FDA host E-Commerce summit in the New Era of Smarter Food Safety
Earlier in the month the FDA hosted a summit geared towards e-commerce as part of the continued roll-out of the New Era of Smarter Food Safety.
Taking place over three days, the summit was geared towards aiding the agency in enhancing its understanding of how e-commerce Business to Consumer models function for both human and animal foods.
The summit was identified as a key goal in the New Era Blueprint to help address potential food safety vulnerabilities, particularly those at the last leg of the delivery process.
Learnings from the summit will be combined with Federal Register comments to determine what future actions may be required to help continue keeping customers safe.
New members appointed to USDA food safety advisory committee
The USDA appointed 13 new members and 17 returning members to the National Advisory Committee on Microbiological Criteria for Foods (NACMCF).
The Committee will discuss enhancing Salmonella control in poultry products and Cyclospora cayetanensis contamination, with the goal of supporting improved production and processing.
Members are chosen based on their expertise in microbiology, risk assessment, epidemiology, public health and food science.
The committee reports provide critical information and scientific advice to federal food safety agencies.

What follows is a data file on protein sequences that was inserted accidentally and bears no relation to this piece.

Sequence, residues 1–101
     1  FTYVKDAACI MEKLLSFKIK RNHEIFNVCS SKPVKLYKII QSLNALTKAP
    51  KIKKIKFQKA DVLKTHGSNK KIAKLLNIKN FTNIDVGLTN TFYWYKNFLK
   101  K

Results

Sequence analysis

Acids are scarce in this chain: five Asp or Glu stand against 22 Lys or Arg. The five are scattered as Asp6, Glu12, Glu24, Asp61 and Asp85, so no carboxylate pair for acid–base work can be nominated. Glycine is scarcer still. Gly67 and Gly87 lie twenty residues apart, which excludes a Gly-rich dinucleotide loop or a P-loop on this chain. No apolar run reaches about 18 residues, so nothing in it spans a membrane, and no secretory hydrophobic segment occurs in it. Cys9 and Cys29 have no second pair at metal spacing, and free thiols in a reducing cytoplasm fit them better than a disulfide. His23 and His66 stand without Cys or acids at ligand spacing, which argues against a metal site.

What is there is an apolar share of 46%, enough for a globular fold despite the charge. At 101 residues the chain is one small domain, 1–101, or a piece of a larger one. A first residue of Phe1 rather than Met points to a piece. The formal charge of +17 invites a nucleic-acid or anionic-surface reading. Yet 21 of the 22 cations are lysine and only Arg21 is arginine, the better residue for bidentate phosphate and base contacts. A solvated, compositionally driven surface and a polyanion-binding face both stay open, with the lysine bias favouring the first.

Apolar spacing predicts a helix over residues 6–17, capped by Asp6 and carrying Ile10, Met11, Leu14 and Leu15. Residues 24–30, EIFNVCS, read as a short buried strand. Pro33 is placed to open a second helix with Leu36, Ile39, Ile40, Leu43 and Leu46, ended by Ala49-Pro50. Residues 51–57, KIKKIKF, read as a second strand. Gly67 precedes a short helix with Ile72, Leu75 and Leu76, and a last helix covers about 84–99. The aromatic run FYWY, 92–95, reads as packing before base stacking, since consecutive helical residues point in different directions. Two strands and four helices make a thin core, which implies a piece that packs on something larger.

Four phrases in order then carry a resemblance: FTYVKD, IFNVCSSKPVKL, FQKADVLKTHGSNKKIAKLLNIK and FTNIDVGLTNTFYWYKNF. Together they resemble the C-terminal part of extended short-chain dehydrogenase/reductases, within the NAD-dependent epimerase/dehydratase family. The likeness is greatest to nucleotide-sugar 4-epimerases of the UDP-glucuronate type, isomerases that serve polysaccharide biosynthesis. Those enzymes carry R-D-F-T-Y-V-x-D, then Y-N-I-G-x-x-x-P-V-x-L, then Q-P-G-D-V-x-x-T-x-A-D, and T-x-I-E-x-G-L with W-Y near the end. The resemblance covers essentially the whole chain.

USDA to change salmonella poultry approach
The USDA has announced new steps it will take to reduce the number of illnesses attributed to salmonella cases in poultry plants.
While the agency currently tests for the presence of salmonella on poultry at processing plants, the proposed testing initiatives would also account for the quantity of bacteria present and for certain strains that can cause the most illness.
The changes comes as a result of acknowledging that while there has been a reduction in the level of salmonella detection at poultry plants, this has not transferred into a similar reduction in the number of foodborne illness cases.
Source of US salmonella outbreak identified
The source of a salmonella outbreak that sickened more than 650 people across 37 US states has now been identified.
A full recall notice has now been put in place for the affected products which have caused at least 129 hospitalizations but 0 deaths.
EU members find ethylene oxide recall ‘disproportionate’
Recall measures imposed by the EU to protect consumers against ethylene-oxide have been called ‘disproportionate’ by several European countries.
Multiple country representatives have claimed that the EU Commission failed to provide them with legal statements to enforce the recall quickly enough, with others believing that it will lead to food waste.